U.S. Supreme Court justices appear to be struggling with whether a 40-foot tall cross honoring the veterans of World War I should be removed from a memorial, according to supporters and opponents who attended oral arguments today.
Last November, the Supreme Court agreed to hear oral arguments in the consolidated cases of America Legion, et al. v. American Humanist Association and Maryland-National Capital Park v. American Humanist Association, et al. Those arguments were held on Wednesday morning.
Alexandra McPhee, director of Religious Freedom Advocacy at the Family Research Council, helped draft their amicus brief and attended the oral arguments.
In an interview with The Christian Post following oral arguments, McPhee explained that the Supreme Court justices appeared to be searching for a "limiting principle," which involves finding clear limits on government powers.
"What I found interesting was the idea of where to draw the line is so unclear in current Establishment Clause law," explained McPhee.
McPhee said the American Legion, which is arguing in defense of the Bladensburg Cross, was supporting a more "objective standard" which has "greater historical grounding."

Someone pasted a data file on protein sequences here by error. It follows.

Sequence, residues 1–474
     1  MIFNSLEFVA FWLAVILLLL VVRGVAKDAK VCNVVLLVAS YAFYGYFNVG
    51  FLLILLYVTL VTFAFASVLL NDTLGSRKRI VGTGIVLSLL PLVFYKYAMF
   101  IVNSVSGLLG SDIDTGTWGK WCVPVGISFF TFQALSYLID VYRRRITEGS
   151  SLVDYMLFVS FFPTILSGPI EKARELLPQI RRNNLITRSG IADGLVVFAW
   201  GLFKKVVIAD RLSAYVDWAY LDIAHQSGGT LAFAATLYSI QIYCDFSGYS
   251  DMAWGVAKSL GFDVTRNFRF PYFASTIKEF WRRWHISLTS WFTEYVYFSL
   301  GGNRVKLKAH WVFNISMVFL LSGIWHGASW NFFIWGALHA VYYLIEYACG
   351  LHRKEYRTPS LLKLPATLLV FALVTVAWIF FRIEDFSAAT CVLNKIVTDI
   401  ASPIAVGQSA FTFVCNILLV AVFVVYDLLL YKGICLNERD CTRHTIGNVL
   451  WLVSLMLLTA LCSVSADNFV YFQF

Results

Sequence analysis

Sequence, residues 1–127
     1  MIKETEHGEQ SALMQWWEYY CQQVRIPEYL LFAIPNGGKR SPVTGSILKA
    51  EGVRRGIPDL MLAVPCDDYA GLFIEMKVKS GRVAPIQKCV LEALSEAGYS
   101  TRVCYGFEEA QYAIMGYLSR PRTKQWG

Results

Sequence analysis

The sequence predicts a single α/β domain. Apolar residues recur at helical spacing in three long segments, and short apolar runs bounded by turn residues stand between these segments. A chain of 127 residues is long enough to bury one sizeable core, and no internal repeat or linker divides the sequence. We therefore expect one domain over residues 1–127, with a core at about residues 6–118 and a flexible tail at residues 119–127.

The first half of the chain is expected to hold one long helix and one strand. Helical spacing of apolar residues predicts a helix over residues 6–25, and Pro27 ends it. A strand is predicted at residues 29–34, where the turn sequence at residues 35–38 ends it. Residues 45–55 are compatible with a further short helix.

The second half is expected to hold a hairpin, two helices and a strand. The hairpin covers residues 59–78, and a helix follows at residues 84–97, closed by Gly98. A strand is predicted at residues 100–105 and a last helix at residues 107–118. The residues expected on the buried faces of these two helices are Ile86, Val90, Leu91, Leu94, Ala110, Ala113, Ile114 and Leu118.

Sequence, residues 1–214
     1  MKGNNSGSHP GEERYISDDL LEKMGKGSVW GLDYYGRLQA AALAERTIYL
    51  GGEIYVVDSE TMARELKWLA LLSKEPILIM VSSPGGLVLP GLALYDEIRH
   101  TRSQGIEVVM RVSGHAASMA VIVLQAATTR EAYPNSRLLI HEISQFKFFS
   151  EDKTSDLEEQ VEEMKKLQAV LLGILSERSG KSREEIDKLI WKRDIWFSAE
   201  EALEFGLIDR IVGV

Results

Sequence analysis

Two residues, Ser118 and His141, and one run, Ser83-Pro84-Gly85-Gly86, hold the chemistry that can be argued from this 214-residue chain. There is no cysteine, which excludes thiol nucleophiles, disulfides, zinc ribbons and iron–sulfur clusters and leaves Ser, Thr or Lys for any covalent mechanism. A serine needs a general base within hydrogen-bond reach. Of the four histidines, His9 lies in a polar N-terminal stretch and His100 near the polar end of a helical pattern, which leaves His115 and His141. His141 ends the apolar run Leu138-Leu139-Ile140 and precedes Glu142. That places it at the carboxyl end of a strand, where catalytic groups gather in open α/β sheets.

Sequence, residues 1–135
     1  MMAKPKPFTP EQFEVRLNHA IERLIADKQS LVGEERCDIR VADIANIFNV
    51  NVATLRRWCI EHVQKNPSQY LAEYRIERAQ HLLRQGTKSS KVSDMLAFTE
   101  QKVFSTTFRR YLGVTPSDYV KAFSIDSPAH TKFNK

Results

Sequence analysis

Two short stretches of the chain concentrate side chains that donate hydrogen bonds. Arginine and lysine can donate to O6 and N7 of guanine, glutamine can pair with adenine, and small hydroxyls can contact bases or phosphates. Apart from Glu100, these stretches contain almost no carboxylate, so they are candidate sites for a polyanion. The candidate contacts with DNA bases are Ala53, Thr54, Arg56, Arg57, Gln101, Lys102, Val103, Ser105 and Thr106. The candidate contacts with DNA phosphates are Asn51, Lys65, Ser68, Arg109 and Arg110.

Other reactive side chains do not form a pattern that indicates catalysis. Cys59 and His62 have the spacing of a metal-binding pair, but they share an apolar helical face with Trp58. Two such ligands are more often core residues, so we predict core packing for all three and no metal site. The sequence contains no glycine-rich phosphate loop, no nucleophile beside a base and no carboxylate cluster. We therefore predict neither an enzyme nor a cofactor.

McPhee cited Town of Greece v. Galloway, the 2014 Supreme Court decision which concluded that town meetings could open with sectarian prayers, noting that in that case the high court "looked at the nation's traditions, especially at the time of the founding."
"And what the American Legion argued was that at the time of the founding something like a religious display would not be a violation of the Establishment Clause unless it was somehow coercive," continued McPhee.
Richard B. Katskee, legal director at Americans United for Separation of Church and State who also attended oral arguments Wednesday morning, told CP that he believed the high court was unpersuaded by the American Legion.
"The justices clearly were not buying the argument from the American Legion for a simple clear test. 'You can just look for coercion and that settles everything.' They were frustrated by that," said Katskee.
"I think in general the justices were struggling to figure out whether there is or can be one clear simple test, and I think that they came out with the same questions they went in with."